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3

Use the second argument to Dynamic. Example: DynamicModule[{NumSelec = {}}, Column[{ CheckboxBar[ Dynamic[NumSelec, (If[Length[#] > 2, NumSelec = #[[-2 ;;]], NumSelec = #]) &], {1, 2, 3, 4}], Dynamic[NumSelec] }] ]


1

Here's a way using a function to rewrite the dynamic value when length of 2 is exceeded. Manipulate[ NumSelec = limit[NumSelec, 2], {NumSelec, {1, 2, 3, 4}, ControlType -> CheckboxBar}, Initialization :> ( limit[x_, num_] := If[ListQ[x], If[Length[x] > num, x[[-num ;;]], x], x]) ]


1

This is one way using DynamicModule DynamicModule[{NumSelec1 = {}, NumSelec2 = {}, NumSelec3 = {}, false}, Column[{ Dynamic@ Row[{CheckboxBar[Dynamic[NumSelec1], {1}, Enabled -> (NumSelec1 =!= {} || false)], CheckboxBar[Dynamic[NumSelec2], {2}, Enabled -> (NumSelec2 =!= {} || false)], ...


1

Changing initial conditions can be accomplished in the same way that parameters are changed. For instance, replace Yb[0] == 0.1 by Yb[0] == Yb0, add the corresponding control, {{Yb0, 0.1}, 0, 1, Appearance -> "Labeled"}, and include Yb0 in the list of TrackedSymbols.


4

Responding to the OP's comment, here is a way to monitor subkernel progress. (* Clear variables *) ToExpression["x" <> ToString[#], StandardForm, Clear] & /@ ParallelEvaluate[$KernelID, Kernels[]]; (* Monitor *) With[{varnames = "x" <> ToString[#] & /@ ParallelEvaluate[$KernelID, Kernels[]]}, With[{vars = ToExpression@varnames}, ...


4

This should do what you are asking about, ParallelEvaluate[x = 0; {$KernelID, With[{x = x}, Dynamic[x]]}] (*{{1,0},{2,0},{3,0},{4,0}}*) But it negates the point of having Dynamic since it won't update. Need to see the full code to see how you want to use it in the end.


3

Just returning to this question now and after reading your addendum I don't think you have adequately set up your test. For example here we see that when the kernel stops the value of a is not preserved and you get error boxes appearing: If you want a to be Global then try this: Dynamic@If[ListQ[a] &&Length[a]>1&& TrueQ[a[[1]] > 0], ...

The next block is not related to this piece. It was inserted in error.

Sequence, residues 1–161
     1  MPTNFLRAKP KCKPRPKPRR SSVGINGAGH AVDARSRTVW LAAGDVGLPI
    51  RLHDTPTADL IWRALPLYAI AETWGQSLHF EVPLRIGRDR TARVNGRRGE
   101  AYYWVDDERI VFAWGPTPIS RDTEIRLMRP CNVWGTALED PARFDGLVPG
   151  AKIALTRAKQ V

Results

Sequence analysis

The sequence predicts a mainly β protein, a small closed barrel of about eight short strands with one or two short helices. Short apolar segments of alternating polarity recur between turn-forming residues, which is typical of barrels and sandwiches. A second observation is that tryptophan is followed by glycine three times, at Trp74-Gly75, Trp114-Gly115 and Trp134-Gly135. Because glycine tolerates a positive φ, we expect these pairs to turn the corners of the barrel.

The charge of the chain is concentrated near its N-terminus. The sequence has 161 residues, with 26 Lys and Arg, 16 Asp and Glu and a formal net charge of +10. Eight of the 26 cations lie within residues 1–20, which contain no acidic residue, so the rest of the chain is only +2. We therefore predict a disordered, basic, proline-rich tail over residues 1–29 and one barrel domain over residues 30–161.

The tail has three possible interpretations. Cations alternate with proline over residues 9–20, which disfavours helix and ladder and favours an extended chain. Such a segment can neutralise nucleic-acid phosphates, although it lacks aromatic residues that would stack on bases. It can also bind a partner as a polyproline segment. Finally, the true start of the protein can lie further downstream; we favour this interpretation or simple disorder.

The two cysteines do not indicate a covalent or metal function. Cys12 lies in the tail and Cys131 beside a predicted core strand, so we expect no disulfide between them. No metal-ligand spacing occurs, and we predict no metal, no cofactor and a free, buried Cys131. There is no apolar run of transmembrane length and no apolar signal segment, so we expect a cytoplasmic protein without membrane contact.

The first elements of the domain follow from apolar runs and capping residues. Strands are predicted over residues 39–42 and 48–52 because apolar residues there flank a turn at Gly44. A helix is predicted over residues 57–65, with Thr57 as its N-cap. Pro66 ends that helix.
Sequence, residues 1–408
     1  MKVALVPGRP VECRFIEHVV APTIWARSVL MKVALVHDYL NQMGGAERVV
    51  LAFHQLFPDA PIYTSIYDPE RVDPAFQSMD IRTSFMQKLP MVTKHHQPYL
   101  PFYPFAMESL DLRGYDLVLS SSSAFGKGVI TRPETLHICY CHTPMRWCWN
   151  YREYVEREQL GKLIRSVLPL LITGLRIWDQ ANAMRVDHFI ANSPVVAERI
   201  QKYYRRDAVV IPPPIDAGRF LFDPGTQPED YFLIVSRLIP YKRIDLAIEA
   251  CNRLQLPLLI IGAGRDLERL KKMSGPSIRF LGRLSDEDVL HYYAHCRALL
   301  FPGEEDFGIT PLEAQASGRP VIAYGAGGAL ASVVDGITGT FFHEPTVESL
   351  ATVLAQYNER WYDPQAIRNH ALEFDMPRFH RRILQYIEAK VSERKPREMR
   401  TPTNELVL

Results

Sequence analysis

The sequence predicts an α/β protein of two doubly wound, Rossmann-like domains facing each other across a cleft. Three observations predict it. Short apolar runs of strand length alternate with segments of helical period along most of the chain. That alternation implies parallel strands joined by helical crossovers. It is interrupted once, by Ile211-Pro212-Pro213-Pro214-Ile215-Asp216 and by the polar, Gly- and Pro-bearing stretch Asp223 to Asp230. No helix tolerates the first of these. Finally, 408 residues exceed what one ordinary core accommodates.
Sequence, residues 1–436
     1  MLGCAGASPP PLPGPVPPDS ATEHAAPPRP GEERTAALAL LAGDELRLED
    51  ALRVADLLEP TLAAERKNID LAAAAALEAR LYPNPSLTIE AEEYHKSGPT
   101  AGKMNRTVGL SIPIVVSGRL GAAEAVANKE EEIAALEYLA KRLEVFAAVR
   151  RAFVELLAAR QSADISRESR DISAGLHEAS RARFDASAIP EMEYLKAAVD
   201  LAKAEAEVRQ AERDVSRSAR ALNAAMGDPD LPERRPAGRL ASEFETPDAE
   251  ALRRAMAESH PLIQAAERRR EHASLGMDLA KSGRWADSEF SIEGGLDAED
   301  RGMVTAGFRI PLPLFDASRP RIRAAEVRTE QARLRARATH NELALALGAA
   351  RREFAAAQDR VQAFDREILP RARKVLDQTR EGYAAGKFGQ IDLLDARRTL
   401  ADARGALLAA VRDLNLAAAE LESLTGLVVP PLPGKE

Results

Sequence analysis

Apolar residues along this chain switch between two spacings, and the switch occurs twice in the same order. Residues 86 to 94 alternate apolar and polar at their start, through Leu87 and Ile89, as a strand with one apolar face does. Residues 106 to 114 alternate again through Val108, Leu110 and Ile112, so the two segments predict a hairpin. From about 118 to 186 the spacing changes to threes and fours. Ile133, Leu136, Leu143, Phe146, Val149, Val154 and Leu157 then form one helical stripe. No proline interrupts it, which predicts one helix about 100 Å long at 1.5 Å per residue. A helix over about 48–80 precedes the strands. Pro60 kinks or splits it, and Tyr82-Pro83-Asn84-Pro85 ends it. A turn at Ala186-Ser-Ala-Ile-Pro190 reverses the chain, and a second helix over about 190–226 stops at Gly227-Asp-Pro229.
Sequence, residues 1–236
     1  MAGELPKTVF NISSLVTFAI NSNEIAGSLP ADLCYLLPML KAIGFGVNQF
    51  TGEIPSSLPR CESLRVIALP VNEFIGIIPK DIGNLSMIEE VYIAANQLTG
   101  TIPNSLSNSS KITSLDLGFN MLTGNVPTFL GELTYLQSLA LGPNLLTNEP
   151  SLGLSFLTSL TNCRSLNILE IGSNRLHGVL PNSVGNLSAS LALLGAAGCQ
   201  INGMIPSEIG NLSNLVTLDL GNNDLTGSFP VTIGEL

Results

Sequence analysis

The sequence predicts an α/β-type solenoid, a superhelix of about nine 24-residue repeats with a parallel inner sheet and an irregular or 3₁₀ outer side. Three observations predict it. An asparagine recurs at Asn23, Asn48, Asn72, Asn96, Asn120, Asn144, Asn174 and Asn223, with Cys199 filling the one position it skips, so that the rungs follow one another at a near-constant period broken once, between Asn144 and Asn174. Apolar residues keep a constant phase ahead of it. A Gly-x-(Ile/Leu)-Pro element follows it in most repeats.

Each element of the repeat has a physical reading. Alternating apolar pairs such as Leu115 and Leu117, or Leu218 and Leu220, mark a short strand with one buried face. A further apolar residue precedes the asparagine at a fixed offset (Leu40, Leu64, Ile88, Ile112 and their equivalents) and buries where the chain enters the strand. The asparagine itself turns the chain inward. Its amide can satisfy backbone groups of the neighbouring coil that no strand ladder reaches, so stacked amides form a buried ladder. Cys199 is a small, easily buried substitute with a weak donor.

6

You can use the SaveDefinitions option of DynamicModule for this: DynamicModule[{}, Dynamic@a[[2]], SaveDefinitions -> True]


3

To start your notebook with Dynamic Updating Enabled not being checked add this code to your notebook: Dynamic[, Initialization :> FrontEndExecute[FrontEndToken["ToggleDynamicUpdating"]]] To return the dynamic updating back, you should use ToggleDynamicUpdating again, as you correctly mentioned in the comments: ...


3

This is more or less directly cribbed from the help: Manipulate[Graphics[{color, Polygon[CirclePoints[sides]]}], {{sides, 3,"Number of Sides"}, 3, 17, 1}, {color, Green}]


3

I believe this is the natural and idiomatic way to do it: Manipulate[Graphics[{colour, Polygon[CirclePoints[sides]]}], {sides, 3, 17, 1}, {{colour, Orange}, {Green -> "Green", Orange -> "Orange"}} ]


3

TabView is for viewing. You can associate color changes with the second argument of TabView but it will be easier to just use what is designed for that, like SetterBar. Moreover, the less inside Dynamic the better so instead of creating whole Graphics you can just tell the FrontEnd to take care of that colour and Polygon. DynamicModule[{p = 3, colour = ...


1

Algohi's post answers the above question while adhering to the OP's code very closely. I suggest abandoning such adherence for two reasons. Simpler code. Better localization of variables. Here is what I get by taking Algohi's work as a basis, but simplifying it without worrying about maintaining the structure of the OP's code: DynamicModule[{locators, ...


2

Something like this? DynamicModule[ {point1 = {4, 4}, point2 = {4.5, 4.5}, point3 = {5, 5}, point4 = {6, 6}, point5 = {6.5, 6.5}}, dataset = {point1, point2, point3, point4, point5}; p1 = LocatorPane[ Dynamic[dataset], Dynamic[ListPlot[dataset, PlotRange -> {{0, 10}, {0, 10}}]]]]; GraphicsRow[ {p1, Dynamic[ ...



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